You may have heard of the novel new weight-loss treatment called "Aqualyx" thanks to a recent article in The Daily Mail. This injectable solution promises to dissolve fat cells so that they are later expelled through the patient's urine. But like many too-good-to-be-true weight loss treatments, both the benefits and the risks of Aqualyx remain unclear.
At least one person — English receptionist Sharold Donaldson — is happy with Aqualyx. The Daily Mail reports that Donaldson lost about 28 pounds and several dress sizes following an Aqualyx procedure she had performed in preparation for her recent wedding. The Aqualyx treatments applied to her face and abdomen cost Donaldson around $1,700 — in her opinion, a fair price to pay given that diet and exercise were allegedly not doing the trick.
How does Aqualyx work? According to the Daily Mail:
The injection contains plant polymers, which bind with the cell walls of the fat tissue before rupturing and releasing the fat to be dissolved. The formula liquefies the fat cell which is then eliminated when you urinate over a three-week period.
Sounds simple enough, right? But many questions remain unanswered. What exactly does the solution contain? "Plant polymers" is terribly non-specific, and you should watch out for the implicit suggestion that natural ingredients must therefore be safe. Donaldson's doctor claims that Aqualyx is for body contouring — not weight loss. But an emphasis on the way it causes patients to pee out fat is clearly intended to cause consumers to think their weight problems are just an injection and a bathroom break away.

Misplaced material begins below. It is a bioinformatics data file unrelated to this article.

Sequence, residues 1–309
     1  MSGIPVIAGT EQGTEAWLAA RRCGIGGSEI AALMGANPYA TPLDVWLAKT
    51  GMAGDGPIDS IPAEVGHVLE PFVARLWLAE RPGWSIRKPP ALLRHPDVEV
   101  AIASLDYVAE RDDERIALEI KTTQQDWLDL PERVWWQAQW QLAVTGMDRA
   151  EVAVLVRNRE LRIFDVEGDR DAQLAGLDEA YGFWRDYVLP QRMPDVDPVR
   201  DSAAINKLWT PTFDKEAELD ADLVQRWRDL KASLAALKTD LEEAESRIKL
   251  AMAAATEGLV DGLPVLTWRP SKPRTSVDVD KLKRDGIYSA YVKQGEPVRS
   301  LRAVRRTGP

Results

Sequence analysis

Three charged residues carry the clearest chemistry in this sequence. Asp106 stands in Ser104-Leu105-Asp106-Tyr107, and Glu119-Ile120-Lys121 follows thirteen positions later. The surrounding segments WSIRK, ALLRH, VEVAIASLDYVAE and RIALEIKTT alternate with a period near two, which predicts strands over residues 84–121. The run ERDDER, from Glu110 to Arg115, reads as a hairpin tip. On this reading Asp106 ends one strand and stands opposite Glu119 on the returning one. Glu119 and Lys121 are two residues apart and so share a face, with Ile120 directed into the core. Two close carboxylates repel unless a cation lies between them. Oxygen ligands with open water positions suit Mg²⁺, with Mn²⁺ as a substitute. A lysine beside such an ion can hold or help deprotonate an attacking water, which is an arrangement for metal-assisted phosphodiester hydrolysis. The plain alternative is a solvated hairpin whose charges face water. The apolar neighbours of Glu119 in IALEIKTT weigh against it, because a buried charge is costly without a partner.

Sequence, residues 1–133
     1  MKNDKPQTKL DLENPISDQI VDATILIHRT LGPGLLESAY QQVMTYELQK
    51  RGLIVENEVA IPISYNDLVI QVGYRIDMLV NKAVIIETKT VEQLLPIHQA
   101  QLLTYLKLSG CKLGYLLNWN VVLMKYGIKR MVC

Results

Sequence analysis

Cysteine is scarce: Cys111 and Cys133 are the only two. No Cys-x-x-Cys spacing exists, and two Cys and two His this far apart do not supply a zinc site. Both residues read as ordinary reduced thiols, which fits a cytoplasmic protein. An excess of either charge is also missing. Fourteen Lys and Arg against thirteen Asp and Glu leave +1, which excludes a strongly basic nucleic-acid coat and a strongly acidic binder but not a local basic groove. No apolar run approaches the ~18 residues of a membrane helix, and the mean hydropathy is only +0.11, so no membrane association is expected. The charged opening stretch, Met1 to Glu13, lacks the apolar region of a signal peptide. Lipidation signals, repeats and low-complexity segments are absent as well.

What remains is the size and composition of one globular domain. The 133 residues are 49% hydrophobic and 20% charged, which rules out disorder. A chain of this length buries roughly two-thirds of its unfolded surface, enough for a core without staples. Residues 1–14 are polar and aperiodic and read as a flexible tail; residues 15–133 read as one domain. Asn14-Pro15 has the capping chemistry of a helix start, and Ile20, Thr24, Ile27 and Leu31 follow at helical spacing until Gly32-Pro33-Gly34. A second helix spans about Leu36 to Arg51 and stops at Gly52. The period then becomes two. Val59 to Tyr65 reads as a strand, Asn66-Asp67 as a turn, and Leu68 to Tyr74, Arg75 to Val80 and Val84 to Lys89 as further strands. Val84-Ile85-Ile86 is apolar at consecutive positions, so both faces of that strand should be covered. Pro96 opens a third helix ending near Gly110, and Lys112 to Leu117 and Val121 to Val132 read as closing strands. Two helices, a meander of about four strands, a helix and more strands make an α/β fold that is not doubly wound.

But even if an injection seems "less drastic" than liposuction to patients like Donaldson, we can't assume that its water- and plant-based formula won't harm patients. Feedback from real consumers seems scant, and at least one unhappy consumer alleges that the injections left her neck saggy, scarred, and in need of corrective surgery. More disturbingly, an actual doctor cited in The Daily Mail cautions that the effects of artificially-induced fat breakdown can be dangerous: fat that dissolves into salt can disturb your cholesterol levels, and fat that dissolves into sugar can disturb your glucose levels.
Given the marginal benefits and potentially huge dangers, I sure hope that no one rushes to get Aqualyx, at least not on the basis of the info presented casually in that story. Taking the Huffington Post's anti-Aqualyx advice — trying hypnotherapy for weight loss instead. It might be equally as unsupported by evidence, but at least it won't give you diabetes.